Locust Manor Playground

Locust Manor Playground

This text is part of Parks’ Historical Signs Project and can be found posted within the park.

This playground, which opened in 1954, serves the students at the adjoining P.S. 15 and the residents of Springfield Gardens.  Named after the nearby Long Island Rail Road station, Locust Manor first appeared as a name of a local development project in 1906.

Springfield Gardens was formerly known as “Spring Fields” because of its many ponds and creeks.  The landscape attracted Dutch settlers who first arrived in the 1640s.  By 1700 Spring Fields was a small farming community or hamlet, with a scattering of houses and dirt roads.  The settlers drew fresh water from the nearby water sources, creating an irrigation system to supply water for crops.  Later this water supply was incorporated into larger systems that supplied various parts of the county, until the ponds became polluted.  In the mid-1800s all of southeastern Queens amounted to about 2,000 residents, while individual towns like Flushing and Jamaica had populations above 4,000. The landscape of Queens was for the most part agricultural well into the 20th century, and basic municipal services for the borough like a public water supply were not established until after consolidation of the five boroughs in 1898.

In the early 1900s, the Long Island Rail Road built a station here, leading to real estate developments and an infusion of community services in Spring Fields.  By 1924, Spring Fields’s population had reached over 5,000 people, living in about 1,200 single-family homes.  Additional streets and houses were built during the 1920s and 1930s, causing the population to increase to approximately 15,000 by the late 1930s.  Many of these new residents were Brooklynites.  The Post Office renamed the area “Springfield Gardens” in 1927, and the Long Island Rail Road renamed their station accordingly shortly thereafter.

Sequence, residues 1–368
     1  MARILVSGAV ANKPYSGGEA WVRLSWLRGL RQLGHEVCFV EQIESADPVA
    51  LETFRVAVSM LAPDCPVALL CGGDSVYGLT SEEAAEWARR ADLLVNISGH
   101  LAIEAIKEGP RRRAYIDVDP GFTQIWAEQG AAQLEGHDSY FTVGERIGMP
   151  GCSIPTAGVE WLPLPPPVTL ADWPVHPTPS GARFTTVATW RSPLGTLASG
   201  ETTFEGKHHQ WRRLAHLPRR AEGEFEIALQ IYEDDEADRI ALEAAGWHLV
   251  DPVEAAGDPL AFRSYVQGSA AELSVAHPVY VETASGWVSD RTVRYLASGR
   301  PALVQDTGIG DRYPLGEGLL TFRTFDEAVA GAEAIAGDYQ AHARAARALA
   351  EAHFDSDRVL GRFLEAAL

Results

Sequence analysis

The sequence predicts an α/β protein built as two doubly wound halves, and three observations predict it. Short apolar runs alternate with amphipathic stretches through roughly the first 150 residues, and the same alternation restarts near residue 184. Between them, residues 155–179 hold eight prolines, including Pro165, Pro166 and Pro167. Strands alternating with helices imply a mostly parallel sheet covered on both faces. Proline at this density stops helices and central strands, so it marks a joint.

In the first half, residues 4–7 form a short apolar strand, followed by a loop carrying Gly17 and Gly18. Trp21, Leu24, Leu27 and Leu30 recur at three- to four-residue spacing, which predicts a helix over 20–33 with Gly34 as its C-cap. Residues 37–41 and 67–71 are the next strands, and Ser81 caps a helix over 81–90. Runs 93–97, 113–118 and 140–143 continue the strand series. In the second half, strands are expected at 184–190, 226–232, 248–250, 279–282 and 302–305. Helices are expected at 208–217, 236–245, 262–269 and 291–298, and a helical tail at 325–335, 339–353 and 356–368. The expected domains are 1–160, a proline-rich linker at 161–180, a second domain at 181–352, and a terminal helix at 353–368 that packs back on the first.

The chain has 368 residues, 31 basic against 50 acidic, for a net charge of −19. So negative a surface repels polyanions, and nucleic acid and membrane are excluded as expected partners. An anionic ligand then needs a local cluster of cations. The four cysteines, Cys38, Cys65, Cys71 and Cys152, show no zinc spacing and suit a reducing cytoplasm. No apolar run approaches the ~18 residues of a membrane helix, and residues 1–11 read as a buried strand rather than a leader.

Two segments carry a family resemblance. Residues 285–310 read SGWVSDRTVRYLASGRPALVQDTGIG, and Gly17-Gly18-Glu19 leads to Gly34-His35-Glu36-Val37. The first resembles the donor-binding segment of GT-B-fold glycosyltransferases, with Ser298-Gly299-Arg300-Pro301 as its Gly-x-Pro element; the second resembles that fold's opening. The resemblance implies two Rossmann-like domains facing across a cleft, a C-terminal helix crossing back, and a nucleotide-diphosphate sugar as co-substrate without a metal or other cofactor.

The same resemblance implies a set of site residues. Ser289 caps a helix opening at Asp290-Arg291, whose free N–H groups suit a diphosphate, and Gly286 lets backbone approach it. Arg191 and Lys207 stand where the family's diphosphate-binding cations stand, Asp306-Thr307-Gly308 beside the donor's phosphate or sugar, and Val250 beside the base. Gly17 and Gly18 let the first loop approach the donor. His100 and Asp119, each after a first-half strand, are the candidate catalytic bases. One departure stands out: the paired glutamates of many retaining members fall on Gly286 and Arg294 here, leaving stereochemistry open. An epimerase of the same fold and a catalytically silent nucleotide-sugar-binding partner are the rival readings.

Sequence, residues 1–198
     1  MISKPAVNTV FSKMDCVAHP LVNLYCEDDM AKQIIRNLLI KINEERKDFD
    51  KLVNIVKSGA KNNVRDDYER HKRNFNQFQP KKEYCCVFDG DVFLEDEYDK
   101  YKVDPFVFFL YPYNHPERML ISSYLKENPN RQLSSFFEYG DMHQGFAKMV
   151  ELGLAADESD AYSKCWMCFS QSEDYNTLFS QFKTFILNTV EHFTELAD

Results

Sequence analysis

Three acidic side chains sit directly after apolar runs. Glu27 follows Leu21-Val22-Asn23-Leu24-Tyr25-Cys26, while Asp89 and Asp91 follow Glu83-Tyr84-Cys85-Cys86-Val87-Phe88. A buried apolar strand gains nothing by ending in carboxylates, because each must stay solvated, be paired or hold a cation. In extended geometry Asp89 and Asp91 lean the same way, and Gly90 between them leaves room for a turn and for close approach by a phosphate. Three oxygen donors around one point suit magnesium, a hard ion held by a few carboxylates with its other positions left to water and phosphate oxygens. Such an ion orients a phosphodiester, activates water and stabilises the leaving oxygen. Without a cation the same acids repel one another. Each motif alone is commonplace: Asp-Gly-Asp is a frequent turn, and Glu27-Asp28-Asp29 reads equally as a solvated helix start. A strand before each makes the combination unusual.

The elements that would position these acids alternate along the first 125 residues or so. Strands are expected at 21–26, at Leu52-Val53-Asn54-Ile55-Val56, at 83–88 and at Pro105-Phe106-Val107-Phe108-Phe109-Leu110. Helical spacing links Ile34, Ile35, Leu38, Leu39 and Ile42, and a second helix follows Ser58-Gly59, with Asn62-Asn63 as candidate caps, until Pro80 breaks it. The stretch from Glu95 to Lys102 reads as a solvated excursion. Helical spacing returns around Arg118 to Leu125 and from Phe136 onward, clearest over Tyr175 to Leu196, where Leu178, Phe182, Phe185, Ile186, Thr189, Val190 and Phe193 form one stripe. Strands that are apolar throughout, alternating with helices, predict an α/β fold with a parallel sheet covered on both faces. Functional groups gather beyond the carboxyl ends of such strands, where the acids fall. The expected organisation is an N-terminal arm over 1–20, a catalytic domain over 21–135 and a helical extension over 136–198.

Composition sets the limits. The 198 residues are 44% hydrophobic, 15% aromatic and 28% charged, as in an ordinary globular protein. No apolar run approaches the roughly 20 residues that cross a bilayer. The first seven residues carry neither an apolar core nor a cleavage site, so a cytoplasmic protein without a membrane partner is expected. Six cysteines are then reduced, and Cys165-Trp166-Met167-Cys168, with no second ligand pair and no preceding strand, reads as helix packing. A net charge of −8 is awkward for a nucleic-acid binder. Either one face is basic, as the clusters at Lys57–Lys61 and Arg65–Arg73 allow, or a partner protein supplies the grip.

Located on 192nd Street just south of 121st Avenue, Locust Manor Playground opened in May 1954, during the latter part of Parks Commissioner Robert Moses' (1888-1981) tenure. Moses succeeded in building new playgrounds throughout the city at an astonishing rate.  When he began as Parks Commissioner in 1934, there were 119 playgrounds in New York City.  In 1960, when Moses retired from office, there were 777.  Locust Manor Playground was the 604th playground in the Parks system.

Jointly operated by Parks and the Department of Education, Locust Manor Playground was originally known as P.S. 15 Playground until Parks renamed it in 1985, referencing the local railroad station.  In 2002, the playground was renovated with mayoral funds. Today the site features a full basketball court and two handball courts, a children’s play area with play equipment, a spray shower and a comfort station, swings and checker tables. 

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